It should be simple: half the population are women, so half of our legislators should be women, too. WE recognise that across the world, proportional voting systems tend to be better at electing women, and that an appointed House of Lords is neither equitable or democratic. But WE also know electoral reform may never happen – and everyone is losing out in the meantime on the progress a more diverse Parliament could achieve.
Today, 66 per cent of Theresa May's Government are men. Eighty per cent of Conservative MPs are men.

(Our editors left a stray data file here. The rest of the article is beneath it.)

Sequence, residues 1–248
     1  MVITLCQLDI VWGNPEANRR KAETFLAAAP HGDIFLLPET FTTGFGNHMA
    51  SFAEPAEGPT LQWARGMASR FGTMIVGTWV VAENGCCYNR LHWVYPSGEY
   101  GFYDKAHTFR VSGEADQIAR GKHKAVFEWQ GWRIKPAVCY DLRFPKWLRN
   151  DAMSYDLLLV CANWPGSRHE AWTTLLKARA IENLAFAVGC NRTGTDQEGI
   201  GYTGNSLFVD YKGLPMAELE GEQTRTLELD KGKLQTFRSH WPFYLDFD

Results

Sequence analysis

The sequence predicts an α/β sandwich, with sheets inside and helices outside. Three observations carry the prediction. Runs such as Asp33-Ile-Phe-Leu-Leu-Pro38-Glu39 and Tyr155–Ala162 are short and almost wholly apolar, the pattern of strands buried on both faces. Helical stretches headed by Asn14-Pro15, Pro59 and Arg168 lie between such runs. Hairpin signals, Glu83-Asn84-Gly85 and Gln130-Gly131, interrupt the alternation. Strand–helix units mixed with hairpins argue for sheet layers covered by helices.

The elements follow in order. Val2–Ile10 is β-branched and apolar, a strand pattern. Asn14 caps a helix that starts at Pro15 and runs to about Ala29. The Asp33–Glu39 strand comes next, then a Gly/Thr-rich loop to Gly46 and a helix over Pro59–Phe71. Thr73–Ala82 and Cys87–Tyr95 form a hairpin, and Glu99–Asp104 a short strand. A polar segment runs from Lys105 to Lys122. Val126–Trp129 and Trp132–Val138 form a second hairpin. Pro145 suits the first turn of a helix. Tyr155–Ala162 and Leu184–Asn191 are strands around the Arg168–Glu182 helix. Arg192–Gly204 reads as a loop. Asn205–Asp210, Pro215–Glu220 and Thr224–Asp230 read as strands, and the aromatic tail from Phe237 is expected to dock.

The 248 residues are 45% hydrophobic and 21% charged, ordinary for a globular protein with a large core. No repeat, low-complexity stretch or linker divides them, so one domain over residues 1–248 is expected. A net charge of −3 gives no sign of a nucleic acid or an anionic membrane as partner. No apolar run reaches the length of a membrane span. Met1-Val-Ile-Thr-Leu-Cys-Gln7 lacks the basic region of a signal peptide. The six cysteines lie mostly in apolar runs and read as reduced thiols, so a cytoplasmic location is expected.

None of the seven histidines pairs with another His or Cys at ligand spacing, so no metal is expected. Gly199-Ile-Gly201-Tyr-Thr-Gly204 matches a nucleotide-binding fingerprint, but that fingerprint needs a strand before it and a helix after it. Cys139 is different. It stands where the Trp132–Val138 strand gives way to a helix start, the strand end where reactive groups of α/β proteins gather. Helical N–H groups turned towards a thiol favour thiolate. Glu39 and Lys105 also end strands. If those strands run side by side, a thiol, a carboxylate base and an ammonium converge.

It is time to put Parliament into “special measures”. Women make up 29% of total MPs and 24% of Peers in the House of Lords. To correct this women should make up at least 66% of new MPs and 75% of new Peers for the next two elections. Political parties must:
Ensure 66% of candidates replacing retiring MPs and 66% of other candidates are women; different parties may choose different methods of achieving this but WE support the use of all women-shortlists.
Grant 75% of new peerages to women.
Based on current retirement and appointment rates, and current rates of improvement in the representation of women in parliament, this will achieve a 50:50 Parliament in 2025.